AMLA impact dependent on national collaboration

Euro money laundering

The impact of the new EU agency to improve the coordination and success of anti-money laundering (AML) activities will be largely indirect, depending on its influence over European national governments continuing to supervise most EU financial services firms. Therefore, its collaboration with national regulators and authorities will be crucial to its success.

While the Anti-Money Laundering Authority (AMLA), which received provisional approval in December, will directly regulate organizations it identifies as “high risk,” including those operating across multiple borders and some crypto-asset providers, and be able to impose financial sanctions, the numbers involved are relatively small.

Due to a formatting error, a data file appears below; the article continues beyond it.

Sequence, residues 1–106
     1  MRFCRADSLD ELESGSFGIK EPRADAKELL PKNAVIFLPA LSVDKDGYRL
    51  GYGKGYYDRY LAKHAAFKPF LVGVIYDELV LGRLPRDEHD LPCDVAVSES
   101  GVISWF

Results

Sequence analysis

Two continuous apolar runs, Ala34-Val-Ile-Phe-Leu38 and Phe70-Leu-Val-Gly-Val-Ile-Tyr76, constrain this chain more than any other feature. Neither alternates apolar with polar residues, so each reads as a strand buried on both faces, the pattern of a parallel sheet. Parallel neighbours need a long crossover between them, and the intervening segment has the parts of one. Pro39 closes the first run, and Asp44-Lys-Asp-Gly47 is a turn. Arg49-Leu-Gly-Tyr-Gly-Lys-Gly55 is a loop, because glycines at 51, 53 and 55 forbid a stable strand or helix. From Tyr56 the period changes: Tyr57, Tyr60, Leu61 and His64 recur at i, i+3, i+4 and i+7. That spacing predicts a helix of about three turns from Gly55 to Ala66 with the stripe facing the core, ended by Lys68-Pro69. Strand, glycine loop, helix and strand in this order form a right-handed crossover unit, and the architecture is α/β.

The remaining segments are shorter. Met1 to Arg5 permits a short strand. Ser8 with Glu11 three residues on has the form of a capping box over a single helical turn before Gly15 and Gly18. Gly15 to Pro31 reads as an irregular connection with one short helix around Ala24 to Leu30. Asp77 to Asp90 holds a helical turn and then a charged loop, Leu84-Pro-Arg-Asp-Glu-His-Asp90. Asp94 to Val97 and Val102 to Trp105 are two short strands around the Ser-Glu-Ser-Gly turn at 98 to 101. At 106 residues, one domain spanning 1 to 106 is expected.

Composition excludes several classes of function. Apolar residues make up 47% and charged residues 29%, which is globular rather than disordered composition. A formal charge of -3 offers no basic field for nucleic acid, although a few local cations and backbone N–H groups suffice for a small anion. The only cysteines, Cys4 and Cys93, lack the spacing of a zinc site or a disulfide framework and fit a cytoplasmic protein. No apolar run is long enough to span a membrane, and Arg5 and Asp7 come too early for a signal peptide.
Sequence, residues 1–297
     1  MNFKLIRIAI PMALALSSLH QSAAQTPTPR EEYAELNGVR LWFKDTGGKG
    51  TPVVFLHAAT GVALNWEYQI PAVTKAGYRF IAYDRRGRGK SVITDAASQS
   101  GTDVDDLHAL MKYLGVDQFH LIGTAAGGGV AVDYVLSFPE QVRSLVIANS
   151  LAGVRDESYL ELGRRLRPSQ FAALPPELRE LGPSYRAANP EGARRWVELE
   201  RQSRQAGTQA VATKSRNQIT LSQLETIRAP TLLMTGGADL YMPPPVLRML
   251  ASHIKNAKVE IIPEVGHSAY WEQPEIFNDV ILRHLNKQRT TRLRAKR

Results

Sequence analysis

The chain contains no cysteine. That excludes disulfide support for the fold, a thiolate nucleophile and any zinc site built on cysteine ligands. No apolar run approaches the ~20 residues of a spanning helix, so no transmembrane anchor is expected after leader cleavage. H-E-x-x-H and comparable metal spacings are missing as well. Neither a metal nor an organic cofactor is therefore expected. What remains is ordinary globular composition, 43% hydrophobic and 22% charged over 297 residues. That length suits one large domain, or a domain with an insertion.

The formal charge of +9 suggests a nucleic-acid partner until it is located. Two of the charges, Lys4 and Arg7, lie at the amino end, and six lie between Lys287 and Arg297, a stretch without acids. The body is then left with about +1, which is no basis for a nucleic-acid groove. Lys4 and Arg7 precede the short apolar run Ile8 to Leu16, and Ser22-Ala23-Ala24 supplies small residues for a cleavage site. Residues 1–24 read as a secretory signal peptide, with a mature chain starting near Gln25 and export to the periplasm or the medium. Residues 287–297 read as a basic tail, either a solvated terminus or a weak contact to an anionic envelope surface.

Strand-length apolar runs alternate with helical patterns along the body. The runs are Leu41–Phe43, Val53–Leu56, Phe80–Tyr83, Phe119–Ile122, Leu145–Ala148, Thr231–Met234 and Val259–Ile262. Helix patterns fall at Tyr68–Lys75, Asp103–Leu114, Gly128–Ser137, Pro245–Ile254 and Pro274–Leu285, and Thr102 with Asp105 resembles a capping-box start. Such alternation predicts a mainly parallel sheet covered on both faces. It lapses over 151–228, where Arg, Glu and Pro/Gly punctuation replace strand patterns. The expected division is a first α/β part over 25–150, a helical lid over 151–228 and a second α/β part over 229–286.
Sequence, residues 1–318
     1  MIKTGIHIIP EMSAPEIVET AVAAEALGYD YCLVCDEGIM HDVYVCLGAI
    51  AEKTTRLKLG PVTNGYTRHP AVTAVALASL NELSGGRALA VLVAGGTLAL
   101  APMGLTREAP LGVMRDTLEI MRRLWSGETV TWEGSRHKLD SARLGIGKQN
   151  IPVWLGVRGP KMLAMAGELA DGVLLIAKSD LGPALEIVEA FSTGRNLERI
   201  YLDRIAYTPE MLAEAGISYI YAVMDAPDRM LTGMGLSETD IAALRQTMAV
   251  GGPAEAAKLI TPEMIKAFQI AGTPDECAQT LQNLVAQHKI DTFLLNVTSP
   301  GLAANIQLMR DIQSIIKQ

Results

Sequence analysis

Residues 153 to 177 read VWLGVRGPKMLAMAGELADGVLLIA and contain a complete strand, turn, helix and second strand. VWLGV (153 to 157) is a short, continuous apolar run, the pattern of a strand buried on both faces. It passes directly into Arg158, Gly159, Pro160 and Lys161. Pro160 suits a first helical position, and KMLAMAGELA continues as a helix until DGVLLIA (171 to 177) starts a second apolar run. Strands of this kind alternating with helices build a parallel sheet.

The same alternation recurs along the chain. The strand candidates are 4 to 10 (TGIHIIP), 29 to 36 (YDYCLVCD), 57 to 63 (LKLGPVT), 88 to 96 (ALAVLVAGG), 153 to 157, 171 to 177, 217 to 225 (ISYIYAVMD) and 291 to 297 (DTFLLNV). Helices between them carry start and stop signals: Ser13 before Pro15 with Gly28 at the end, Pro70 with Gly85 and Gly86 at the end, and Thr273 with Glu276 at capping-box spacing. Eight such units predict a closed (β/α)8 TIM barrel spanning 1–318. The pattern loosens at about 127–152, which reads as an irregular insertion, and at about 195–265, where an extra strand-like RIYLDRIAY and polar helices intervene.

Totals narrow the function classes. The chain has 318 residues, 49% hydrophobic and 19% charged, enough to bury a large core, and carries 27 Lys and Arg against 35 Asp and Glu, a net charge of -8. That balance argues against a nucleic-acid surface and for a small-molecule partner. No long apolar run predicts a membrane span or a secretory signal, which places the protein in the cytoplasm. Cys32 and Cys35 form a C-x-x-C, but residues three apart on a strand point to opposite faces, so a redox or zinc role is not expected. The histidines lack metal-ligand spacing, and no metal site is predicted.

Other actions announced at the same time as AMLA are likely to prove as, or more, important than the headline-grabbing creation of a new authority, including new AML regulations to harmonize rules across the European Union, a new AML directive to update rules over national supervisors and financial intelligence units, and extending rules governing the traceability of cypto-asset transactions.

These will not appear overnight, but compliance managers should monitor developments.

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